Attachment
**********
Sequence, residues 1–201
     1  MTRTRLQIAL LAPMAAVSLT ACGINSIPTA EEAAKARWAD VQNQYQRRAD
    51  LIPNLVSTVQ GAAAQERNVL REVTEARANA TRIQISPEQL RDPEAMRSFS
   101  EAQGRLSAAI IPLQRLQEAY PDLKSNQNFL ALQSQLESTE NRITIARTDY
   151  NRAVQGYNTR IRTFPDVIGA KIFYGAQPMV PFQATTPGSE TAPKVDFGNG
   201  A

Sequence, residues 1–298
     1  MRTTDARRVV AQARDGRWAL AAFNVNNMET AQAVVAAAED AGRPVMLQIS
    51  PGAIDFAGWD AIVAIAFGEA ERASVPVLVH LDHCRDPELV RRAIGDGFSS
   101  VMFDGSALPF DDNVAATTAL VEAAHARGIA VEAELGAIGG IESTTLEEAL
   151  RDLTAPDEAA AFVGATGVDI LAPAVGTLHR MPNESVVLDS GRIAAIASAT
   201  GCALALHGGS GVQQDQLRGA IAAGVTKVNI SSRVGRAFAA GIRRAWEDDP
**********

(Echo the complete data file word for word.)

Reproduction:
Sequence, residues 1–201
     1  MTRTRLQIAL LAPMAAVSLT ACGINSIPTA EEAAKARWAD VQNQYQRRAD
    51  LIPNLVSTVQ GAAAQERNVL REVTEARANA TRIQISPEQL RDPEAMRSFS
   101  EAQGRLSAAI IPLQRLQEAY PDLKSNQNFL ALQSQLESTE NRITIARTDY
   151  NRAVQGYNTR IRTFPDVIGA KIFYGAQPMV PFQATTPGSE TAPKVDFGNG
   201  A

Sequence, residues 1–298
     1  MRTTDARRVV AQARDGRWAL AAFNVNNMET AQAVVAAAED AGRPVMLQIS
    51  PGAIDFAGWD AIVAIAFGEA ERASVPVLVH LDHCRDPELV RRAIGDGFSS
   101  VMFDGSALPF DDNVAATTAL VEAAHARGIA VEAELGAIGG IESTTLEEAL
   151  RDLTAPDEAA AFVGATGVDI LAPAVGTLHR MPNESVVLDS GRIAAIASAT
   201  GCALALHGGS GVQQDQLRGA IAAGVTKVNI SSRVGRAFAA GIRRAWEDDP